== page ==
You understand the importance of clearing your patient’s airway in an emergency. To do this, you know that an appropriate suction device is necessary to remove secretions, vomit, blood, or foreign materials that may be causing an obstruction or distress. You are also aware that your hospital stocks portable suction machines to be used as needed. But have you ever thought about the fact that where you store your portable suction machine makes a difference?
The location of your portable suction device is important for two reasons:
- It must be easily accessible by the user
- It must be protected from damage so that it remains in working order
Let’s examine this in more detail.
Keep it accessible
When a visitor suddenly collapses outside the elevator, you don’t want to waste precious time hunting down a portable suction unit. Logically, a great place to store these precious devices is attached to the side of your crash cart. That way, in an emergency, it is right there with the other equipment and medications that you may need, and everything can be brought quickly to the patient’s side.
Areas of the hospital that use suction frequently should consider storing portable suction units in addition to those on the crash cart. This includes
- The emergency room
- Intensive care units
- Operating rooms
- Labor and delivery.
If there were a failure of the in-wall system, a portable suction machine would provide needed backup in order to continue safe patient care. For large units, these devices should be kept in designated areas around the unit, preventing staff members from having to travel far to locate and retrieve a suction machine.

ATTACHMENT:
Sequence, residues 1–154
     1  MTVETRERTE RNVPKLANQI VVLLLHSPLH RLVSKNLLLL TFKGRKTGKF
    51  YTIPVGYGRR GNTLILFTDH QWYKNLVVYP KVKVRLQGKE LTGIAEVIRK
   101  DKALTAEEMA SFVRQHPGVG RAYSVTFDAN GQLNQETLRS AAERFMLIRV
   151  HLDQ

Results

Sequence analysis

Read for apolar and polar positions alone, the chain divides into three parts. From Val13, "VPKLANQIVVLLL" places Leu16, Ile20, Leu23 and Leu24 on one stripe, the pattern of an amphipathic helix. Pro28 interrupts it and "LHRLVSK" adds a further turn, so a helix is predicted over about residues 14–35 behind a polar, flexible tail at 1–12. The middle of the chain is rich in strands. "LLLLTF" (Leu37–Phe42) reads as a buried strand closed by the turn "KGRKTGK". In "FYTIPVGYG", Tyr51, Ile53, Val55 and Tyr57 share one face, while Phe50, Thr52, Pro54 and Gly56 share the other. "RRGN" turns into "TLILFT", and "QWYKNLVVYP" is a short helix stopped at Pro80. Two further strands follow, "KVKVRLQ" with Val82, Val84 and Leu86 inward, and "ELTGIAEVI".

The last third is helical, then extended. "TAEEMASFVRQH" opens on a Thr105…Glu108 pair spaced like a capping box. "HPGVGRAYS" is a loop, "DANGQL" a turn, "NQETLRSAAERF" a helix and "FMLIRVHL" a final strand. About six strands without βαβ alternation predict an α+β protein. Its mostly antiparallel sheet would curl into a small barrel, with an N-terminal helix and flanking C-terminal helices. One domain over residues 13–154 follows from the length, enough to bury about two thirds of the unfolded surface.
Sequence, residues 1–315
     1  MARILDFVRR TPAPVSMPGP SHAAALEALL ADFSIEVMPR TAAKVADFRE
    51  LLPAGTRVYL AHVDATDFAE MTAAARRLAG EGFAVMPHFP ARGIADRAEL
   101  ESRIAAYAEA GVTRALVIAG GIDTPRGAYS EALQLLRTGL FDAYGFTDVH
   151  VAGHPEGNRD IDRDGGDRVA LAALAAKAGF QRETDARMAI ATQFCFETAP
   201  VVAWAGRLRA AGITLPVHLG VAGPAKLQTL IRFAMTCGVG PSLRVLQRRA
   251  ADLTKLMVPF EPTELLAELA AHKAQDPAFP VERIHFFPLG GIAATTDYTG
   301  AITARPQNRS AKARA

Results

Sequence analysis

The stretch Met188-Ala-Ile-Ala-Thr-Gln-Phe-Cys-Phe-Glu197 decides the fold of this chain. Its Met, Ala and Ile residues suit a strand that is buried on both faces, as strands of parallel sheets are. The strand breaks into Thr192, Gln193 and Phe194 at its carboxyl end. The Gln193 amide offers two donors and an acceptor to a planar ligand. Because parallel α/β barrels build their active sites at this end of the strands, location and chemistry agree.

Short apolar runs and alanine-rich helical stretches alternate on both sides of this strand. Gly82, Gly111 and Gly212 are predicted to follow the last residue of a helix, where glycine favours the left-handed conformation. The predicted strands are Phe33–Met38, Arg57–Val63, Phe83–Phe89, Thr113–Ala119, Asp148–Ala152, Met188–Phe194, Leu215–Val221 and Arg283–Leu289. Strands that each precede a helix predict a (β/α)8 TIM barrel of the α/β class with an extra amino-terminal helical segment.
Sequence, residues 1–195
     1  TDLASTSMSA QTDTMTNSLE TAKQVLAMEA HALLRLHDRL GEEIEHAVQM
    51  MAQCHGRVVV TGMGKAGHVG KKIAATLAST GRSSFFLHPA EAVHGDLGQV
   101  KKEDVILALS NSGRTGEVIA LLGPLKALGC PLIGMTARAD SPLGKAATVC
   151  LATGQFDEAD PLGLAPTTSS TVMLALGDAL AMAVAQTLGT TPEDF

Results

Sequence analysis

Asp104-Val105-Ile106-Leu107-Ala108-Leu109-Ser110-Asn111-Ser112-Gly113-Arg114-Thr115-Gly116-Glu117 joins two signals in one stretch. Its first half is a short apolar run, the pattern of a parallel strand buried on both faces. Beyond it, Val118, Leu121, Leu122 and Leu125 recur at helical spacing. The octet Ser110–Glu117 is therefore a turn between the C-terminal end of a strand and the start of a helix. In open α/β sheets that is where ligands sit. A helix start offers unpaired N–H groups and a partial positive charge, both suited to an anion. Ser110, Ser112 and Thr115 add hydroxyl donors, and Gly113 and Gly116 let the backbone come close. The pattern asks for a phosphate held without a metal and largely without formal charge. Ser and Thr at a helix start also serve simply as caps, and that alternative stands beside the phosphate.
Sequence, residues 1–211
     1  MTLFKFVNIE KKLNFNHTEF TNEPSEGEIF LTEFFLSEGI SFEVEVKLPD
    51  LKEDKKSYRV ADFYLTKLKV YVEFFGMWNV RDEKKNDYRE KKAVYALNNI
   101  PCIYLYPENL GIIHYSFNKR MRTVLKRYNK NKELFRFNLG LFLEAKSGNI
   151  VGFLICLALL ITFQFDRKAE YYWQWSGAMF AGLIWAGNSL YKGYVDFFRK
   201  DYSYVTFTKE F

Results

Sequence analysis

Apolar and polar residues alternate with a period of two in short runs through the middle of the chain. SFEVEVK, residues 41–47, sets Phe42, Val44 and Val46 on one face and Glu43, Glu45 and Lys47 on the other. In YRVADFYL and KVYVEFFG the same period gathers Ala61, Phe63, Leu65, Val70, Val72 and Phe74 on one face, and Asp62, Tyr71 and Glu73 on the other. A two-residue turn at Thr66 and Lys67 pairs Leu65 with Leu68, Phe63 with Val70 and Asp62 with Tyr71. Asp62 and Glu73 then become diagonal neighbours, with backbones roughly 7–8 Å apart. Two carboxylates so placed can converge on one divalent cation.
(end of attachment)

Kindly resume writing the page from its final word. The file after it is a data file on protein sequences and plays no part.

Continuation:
Keep it functioning properly
If you need suction emergently, you want to feel confident that your suction device will do its job. Just as with any type of electrical or battery-powered device, your portable suction machine must be stored properly in order to keep it from damage that would affect its functioning.
Portable suction devices should not be stored:
- In temperature extremes, nowhere too hot or too cold
- In areas where it could get wet
- In areas where it could get knocked to the ground
- In areas with a lot of dust or debris, i.e., a section of the hospital that is under construction
Remember that these devices should be plugged in and charging when not in use, so it is important to keep them in a location with access to an outlet. Make sure that battery-powered suction machines, such as those designed for use in a disaster, have a supply of alkaline batteries stored with the unit.
Some portable suction machines can be purchased with a retention bracket to keep them securely and safely attached to the side of the crash cart.
Take a moment to think about where the portable suction units are stored on your unit. Do you feel that you could grab it quickly in an emergency? Is it in a secure area? If not, is this something that can be addressed? The next time you reach for your portable suction machine, you’ll be glad you did.